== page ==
Developmental Language Disorder (DLD) is probably the least known common childhood condition. DLD is diagnosed when children fail to acquire language acumen for no apparent reason. This results in children who have difficulty understanding what people say to them, and struggle to articulate their ideas and feelings. Research shows over 6% of children suffer DLD.

Recognizing Developmental Speech Disorder

Speech development is fairly predictable for most children. They cry at birth, start random babbling at 3-4 months and try to imitate speech at 6-11 months. A child not developing according to the following timeline may have DLD that requires attention:
  • 12 months – recognizes own name, understands basic instructions, uses one/two words
  • 18 months – uses 5-20 words
  • 1- 2 years – growing vocabulary, uses two-word sentences, imitates animal sounds
  • 2-3 years – 450-word vocabulary, enjoys hearing stories, uses short sentences
  • 3-4 years – Uses sentences with 4-5 words, 1,000-word vocabulary
  • 4-5 years – Uses past tense, has the vocabulary of 1,500 words, starts asking questions
  • 5-6 years – 6,000-word vocabulary, can describe things, use 5-6 word sentences

3 Common Myths

She’ll outgrow it!

Well-meaning friends and family may try to alleviate parental anxieties by sharing stories of children who practically didn’t talk before 5 and then came out with complex sentences! However, research indicates that a child beginning school with limited language most probably will have language deficits throughout school, and maybe into adulthood if not addressed.

She’s either lazy, disinterested or bad!

Children with DLD often find it difficult to comprehend what others are saying, especially when there are distractions or the speaker is moving too fast. Consequently, the child fails to do what is expected.  Ironically this is often misunderstood to be either inadequate attention or disobedience when truthfully neither have anything to do with it.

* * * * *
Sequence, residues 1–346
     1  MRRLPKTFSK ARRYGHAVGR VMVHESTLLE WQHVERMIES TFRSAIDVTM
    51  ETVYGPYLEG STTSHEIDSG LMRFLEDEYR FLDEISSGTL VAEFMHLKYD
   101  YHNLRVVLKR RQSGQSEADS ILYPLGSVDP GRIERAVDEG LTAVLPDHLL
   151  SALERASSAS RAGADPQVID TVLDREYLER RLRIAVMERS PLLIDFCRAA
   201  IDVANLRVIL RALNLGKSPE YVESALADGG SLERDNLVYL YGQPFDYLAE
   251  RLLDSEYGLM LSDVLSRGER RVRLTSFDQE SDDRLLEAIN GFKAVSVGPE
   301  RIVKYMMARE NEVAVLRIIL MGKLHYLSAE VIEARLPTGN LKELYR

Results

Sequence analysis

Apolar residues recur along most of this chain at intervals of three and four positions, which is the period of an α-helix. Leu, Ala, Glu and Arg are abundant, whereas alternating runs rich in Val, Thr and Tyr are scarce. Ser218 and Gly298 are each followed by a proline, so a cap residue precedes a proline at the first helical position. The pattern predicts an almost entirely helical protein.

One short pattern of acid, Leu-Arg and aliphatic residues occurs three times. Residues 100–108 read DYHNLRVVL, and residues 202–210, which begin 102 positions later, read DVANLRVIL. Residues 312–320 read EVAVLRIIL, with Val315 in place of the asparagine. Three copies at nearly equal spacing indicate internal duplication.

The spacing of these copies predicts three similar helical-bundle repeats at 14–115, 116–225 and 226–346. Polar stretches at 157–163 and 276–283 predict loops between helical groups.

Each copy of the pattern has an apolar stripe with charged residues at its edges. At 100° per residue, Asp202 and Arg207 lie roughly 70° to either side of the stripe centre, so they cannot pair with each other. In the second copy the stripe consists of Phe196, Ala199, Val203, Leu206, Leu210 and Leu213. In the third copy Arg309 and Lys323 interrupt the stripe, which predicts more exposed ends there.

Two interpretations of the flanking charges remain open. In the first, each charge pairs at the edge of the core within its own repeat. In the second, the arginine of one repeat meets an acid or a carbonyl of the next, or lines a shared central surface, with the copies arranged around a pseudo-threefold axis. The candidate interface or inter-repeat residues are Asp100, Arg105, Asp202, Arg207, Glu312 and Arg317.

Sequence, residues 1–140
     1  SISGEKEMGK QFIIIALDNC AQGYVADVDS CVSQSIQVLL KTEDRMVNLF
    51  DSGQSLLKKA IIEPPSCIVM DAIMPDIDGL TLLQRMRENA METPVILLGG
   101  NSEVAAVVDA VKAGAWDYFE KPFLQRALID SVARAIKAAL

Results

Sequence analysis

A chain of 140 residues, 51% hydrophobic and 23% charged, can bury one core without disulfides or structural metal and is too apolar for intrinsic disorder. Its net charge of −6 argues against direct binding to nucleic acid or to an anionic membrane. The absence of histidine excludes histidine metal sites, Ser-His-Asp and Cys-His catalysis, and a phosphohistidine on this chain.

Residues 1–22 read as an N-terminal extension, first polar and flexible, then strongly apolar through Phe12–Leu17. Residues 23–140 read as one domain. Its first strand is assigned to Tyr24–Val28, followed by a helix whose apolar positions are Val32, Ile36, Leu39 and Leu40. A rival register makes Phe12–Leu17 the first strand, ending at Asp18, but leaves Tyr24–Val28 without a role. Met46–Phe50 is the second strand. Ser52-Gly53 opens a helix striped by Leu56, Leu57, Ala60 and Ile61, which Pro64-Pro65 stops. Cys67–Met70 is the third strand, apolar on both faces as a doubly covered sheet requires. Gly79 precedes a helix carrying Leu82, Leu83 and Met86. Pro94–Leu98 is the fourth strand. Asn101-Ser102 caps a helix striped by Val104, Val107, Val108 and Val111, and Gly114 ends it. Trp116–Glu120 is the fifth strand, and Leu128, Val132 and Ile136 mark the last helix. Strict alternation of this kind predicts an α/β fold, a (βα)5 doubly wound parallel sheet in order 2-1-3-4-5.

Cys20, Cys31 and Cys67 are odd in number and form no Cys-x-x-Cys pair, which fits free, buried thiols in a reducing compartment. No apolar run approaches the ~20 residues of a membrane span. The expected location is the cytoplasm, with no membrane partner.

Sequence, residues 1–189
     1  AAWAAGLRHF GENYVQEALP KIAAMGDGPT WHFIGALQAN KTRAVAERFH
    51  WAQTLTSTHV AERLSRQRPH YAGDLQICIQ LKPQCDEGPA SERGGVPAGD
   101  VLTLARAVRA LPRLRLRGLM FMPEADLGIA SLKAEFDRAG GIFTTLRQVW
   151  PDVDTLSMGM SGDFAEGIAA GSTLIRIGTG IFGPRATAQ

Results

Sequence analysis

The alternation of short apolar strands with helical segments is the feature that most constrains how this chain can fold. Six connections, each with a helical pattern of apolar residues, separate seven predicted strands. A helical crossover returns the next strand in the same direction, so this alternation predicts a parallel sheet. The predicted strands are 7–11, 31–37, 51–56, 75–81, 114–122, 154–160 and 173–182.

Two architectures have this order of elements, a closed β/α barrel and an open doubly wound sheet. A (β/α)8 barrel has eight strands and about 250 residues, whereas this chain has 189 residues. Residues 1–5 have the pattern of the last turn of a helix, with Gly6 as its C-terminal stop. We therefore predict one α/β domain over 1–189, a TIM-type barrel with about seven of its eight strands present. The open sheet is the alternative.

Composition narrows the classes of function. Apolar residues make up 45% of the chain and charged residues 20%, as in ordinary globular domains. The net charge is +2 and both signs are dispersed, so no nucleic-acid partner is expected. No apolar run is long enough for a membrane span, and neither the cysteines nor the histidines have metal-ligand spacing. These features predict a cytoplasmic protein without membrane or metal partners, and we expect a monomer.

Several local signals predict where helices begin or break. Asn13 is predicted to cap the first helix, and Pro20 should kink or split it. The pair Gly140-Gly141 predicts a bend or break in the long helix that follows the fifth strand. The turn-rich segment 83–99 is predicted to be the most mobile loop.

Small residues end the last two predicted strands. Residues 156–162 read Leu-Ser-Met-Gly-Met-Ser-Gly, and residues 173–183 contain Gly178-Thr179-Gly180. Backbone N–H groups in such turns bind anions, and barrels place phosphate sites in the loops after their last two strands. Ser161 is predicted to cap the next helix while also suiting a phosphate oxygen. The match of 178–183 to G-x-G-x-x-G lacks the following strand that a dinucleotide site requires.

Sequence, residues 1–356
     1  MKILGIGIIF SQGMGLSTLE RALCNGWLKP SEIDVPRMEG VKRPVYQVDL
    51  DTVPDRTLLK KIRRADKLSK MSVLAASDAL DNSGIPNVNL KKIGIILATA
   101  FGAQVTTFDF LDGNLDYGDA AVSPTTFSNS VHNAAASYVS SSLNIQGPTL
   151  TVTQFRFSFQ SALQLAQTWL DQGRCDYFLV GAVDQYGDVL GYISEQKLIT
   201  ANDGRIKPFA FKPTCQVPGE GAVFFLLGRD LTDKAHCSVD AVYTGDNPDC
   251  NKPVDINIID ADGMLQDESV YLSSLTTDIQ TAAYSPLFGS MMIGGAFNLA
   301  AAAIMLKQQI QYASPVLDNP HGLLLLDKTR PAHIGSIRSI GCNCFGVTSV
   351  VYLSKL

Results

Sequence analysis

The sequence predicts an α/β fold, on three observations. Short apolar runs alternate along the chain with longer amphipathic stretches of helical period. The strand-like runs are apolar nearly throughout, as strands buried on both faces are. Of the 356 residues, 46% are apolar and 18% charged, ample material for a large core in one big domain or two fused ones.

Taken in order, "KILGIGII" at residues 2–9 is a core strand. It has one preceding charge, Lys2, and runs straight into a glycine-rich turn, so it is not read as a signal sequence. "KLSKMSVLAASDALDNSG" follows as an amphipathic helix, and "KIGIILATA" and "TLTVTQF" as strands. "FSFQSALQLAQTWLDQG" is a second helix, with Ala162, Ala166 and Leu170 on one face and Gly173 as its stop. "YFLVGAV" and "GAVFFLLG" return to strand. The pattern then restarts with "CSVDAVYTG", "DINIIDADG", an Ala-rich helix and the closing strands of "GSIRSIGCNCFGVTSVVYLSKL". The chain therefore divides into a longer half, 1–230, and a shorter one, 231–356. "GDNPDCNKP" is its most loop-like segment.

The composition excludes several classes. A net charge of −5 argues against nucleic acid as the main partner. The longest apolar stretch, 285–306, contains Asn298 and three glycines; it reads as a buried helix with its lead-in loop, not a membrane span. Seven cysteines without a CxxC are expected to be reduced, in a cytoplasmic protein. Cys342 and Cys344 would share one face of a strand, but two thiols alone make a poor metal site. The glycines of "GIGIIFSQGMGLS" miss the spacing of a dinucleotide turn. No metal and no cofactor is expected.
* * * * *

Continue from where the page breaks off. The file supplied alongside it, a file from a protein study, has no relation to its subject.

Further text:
It comes from poor parenting

Some erroneously think that DLD is a result of parents spending too little time speaking with their kids.  In fact, research has shown that most of the time DLD arises from genetic influences affecting early brain development. However, it must be remembered that language is a two-way street and therefore needs constant practice and encouragement from parents.

Teletherapy to the Rescue

Speech Pathologists who practice teletherapy have several strategies to help these children such as:

  1. Activities focused on language intervention can enhance a kid’s understanding of language while giving her a chance to practice skills. Online speech therapy provides an impressive array of intervention activities for children. For example, describing each step of a process models to the child how to use language to explain actions in an orderly way.
  2. SLPs using the medium of teletherapy use pictures, objects, and books to elicit responses from the kids with whom they work. When the child responds incorrectly, the SLP will gently and carefully sound out the name of the object and explain how it is used in very simple terms that the child can easily understand.
  3. In teletherapy, when the SLP practices articulation exercises and activities, children are encouraged to say words correctly. Depending on the kid’s particular age and stage of development, the child may be asked to tell a story about what happened today. When the SLP hears words enunciated incorrectly, she will help the child slow down and sound out every sound carefully.